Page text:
My workspace seemed particularly indicative of current trends tonight, so I thought I’d preserve it for posterity.
A: Scrivener. Actual writing project thing! With words!
B: The Google Doc and accompanying chat window of my writing circle. We have been instituting a virtual writing circle (to go with our monthly workshopping meetings) whereby we show up at an agreed time twice a week, register what we hope to get done, and then sit in together in cyberspace and do it. The benefits of this are manifold, and I will expound upon them another time.
C: Zizou. “Helping”.
D: Zizou controlling device, for when she’s not even pretending to “help”.
(Yes, actually, the screen on this thing is enormous.)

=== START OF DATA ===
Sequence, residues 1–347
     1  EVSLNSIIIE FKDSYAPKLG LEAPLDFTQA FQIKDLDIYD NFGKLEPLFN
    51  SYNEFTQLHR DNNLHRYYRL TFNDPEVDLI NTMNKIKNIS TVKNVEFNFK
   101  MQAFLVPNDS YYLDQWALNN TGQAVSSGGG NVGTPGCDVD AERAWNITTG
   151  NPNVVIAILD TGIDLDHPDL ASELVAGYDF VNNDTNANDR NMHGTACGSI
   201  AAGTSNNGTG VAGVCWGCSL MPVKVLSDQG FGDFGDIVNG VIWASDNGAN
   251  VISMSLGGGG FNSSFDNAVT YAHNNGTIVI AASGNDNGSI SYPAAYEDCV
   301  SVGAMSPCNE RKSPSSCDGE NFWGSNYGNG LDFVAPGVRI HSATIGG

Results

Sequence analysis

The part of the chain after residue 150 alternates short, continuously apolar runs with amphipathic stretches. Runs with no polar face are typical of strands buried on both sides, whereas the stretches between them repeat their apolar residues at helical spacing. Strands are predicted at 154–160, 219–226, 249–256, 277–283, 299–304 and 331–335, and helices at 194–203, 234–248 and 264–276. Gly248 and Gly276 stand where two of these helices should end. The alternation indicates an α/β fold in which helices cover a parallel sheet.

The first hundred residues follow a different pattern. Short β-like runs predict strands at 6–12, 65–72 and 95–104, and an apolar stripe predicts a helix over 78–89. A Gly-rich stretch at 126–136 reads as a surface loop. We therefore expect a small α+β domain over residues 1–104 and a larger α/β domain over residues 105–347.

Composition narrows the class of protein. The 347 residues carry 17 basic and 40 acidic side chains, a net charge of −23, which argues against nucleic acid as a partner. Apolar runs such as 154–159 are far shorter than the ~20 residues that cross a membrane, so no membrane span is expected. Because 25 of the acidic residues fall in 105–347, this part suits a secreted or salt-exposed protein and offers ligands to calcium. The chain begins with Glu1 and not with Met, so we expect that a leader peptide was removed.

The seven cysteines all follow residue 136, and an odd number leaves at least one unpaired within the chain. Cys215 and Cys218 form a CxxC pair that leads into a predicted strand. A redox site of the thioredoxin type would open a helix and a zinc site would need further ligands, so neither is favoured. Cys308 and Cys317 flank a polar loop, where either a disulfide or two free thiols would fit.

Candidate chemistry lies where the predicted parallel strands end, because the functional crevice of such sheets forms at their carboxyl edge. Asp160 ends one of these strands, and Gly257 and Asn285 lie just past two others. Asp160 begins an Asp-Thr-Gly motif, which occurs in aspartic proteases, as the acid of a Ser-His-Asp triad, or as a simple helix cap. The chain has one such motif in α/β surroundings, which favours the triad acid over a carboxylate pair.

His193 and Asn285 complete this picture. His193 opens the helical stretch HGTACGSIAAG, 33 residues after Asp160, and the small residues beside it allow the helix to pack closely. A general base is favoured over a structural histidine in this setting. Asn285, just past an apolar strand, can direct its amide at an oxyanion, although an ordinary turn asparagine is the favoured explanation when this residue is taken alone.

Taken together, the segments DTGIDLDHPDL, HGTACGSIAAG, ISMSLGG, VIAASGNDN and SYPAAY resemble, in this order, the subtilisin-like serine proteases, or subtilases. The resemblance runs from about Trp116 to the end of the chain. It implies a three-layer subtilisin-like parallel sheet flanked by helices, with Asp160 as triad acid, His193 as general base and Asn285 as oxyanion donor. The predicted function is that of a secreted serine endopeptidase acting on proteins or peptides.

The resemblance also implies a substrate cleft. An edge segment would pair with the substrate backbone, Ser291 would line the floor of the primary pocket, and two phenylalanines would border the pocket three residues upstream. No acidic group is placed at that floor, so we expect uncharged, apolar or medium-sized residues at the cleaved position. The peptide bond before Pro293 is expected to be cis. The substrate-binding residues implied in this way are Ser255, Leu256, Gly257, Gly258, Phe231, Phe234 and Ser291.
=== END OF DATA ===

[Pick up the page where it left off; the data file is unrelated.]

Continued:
When we had watched precisely one episode of the American remake of House of Cards, I was already somewhat frowny over various deviations from the UK original, especially in the area of Mrs U. This prompted me to have a serious think about what it is that makes me love her so much in her original form.
Mrs Urquhart – our scheming protagonist’s better half – gets very little on-screen time in the original House of Cards. Then again, the original miniseries is only four hours long, so there’s very little time to play with. She puts a stamp on the whole shape of things much bigger than her physical presence within it, however, that makes her a vitally important character (and even more so in the sequels).